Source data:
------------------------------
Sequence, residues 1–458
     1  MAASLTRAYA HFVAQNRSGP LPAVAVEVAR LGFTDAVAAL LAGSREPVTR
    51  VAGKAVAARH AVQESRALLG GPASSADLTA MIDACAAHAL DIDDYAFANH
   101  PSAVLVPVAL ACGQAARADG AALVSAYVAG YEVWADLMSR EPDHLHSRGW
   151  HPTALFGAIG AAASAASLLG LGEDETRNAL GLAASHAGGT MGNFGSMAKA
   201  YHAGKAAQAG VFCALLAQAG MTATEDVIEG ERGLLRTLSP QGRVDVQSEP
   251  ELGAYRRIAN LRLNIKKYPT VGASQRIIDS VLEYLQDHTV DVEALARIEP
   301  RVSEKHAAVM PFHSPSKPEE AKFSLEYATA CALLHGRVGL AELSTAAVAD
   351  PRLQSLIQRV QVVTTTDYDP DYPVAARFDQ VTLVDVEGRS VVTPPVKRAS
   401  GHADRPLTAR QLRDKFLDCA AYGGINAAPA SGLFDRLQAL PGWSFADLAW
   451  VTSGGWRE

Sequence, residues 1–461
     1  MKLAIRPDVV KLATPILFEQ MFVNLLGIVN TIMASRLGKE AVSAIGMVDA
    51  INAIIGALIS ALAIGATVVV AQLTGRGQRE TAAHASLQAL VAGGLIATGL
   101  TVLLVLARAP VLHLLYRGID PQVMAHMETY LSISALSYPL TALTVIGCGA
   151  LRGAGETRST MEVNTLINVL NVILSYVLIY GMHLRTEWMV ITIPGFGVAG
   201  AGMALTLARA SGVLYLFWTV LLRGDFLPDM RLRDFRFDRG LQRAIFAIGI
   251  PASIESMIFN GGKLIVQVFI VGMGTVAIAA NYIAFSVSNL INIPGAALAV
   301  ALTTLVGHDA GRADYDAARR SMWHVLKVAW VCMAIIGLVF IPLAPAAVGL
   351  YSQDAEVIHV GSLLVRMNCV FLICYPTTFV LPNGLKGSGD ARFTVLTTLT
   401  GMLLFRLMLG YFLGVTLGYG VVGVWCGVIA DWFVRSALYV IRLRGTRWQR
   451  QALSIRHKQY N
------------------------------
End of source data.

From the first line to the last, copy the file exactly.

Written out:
Sequence, residues 1–458
     1  MAASLTRAYA HFVAQNRSGP LPAVAVEVAR LGFTDAVAAL LAGSREPVTR
    51  VAGKAVAARH AVQESRALLG GPASSADLTA MIDACAAHAL DIDDYAFANH
   101  PSAVLVPVAL ACGQAARADG AALVSAYVAG YEVWADLMSR EPDHLHSRGW
   151  HPTALFGAIG AAASAASLLG LGEDETRNAL GLAASHAGGT MGNFGSMAKA
   201  YHAGKAAQAG VFCALLAQAG MTATEDVIEG ERGLLRTLSP QGRVDVQSEP
   251  ELGAYRRIAN LRLNIKKYPT VGASQRIIDS VLEYLQDHTV DVEALARIEP
   301  RVSEKHAAVM PFHSPSKPEE AKFSLEYATA CALLHGRVGL AELSTAAVAD
   351  PRLQSLIQRV QVVTTTDYDP DYPVAARFDQ VTLVDVEGRS VVTPPVKRAS
   401  GHADRPLTAR QLRDKFLDCA AYGGINAAPA SGLFDRLQAL PGWSFADLAW
   451  VTSGGWRE

Sequence, residues 1–461
     1  MKLAIRPDVV KLATPILFEQ MFVNLLGIVN TIMASRLGKE AVSAIGMVDA
    51  INAIIGALIS ALAIGATVVV AQLTGRGQRE TAAHASLQAL VAGGLIATGL
   101  TVLLVLARAP VLHLLYRGID PQVMAHMETY LSISALSYPL TALTVIGCGA
   151  LRGAGETRST MEVNTLINVL NVILSYVLIY GMHLRTEWMV ITIPGFGVAG
   201  AGMALTLARA SGVLYLFWTV LLRGDFLPDM RLRDFRFDRG LQRAIFAIGI
   251  PASIESMIFN GGKLIVQVFI VGMGTVAIAA NYIAFSVSNL INIPGAALAV
   301  ALTTLVGHDA GRADYDAARR SMWHVLKVAW VCMAIIGLVF IPLAPAAVGL
   351  YSQDAEVIHV GSLLVRMNCV FLICYPTTFV LPNGLKGSGD ARFTVLTTLT
   401  GMLLFRLMLG YFLGVTLGYG VVGVWCGVIA DWFVRSALYV IRLRGTRWQR
   451  QALSIRHKQY N